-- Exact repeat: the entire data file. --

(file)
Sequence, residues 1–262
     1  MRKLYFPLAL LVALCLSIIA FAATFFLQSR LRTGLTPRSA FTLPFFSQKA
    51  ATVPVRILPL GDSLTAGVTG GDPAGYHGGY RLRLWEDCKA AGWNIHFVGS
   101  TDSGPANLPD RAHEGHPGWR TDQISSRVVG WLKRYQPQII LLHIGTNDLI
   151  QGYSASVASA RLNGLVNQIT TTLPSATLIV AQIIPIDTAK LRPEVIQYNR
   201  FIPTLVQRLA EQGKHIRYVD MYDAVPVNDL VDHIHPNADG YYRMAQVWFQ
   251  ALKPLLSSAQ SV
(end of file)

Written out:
Sequence, residues 1–262
     1  MRKLYFPLAL LVALCLSIIA FAATFFLQSR LRTGLTPRSA FTLPFFSQKA
    51  ATVPVRILPL GDSLTAGVTG GDPAGYHGGY RLRLWEDCKA AGWNIHFVGS
   101  TDSGPANLPD RAHEGHPGWR TDQISSRVVG WLKRYQPQII LLHIGTNDLI
   151  QGYSASVASA RLNGLVNQIT TTLPSATLIV AQIIPIDTAK LRPEVIQYNR
   201  FIPTLVQRLA EQGKHIRYVD MYDAVPVNDL VDHIHPNADG YYRMAQVWFQ
   251  ALKPLLSSAQ SV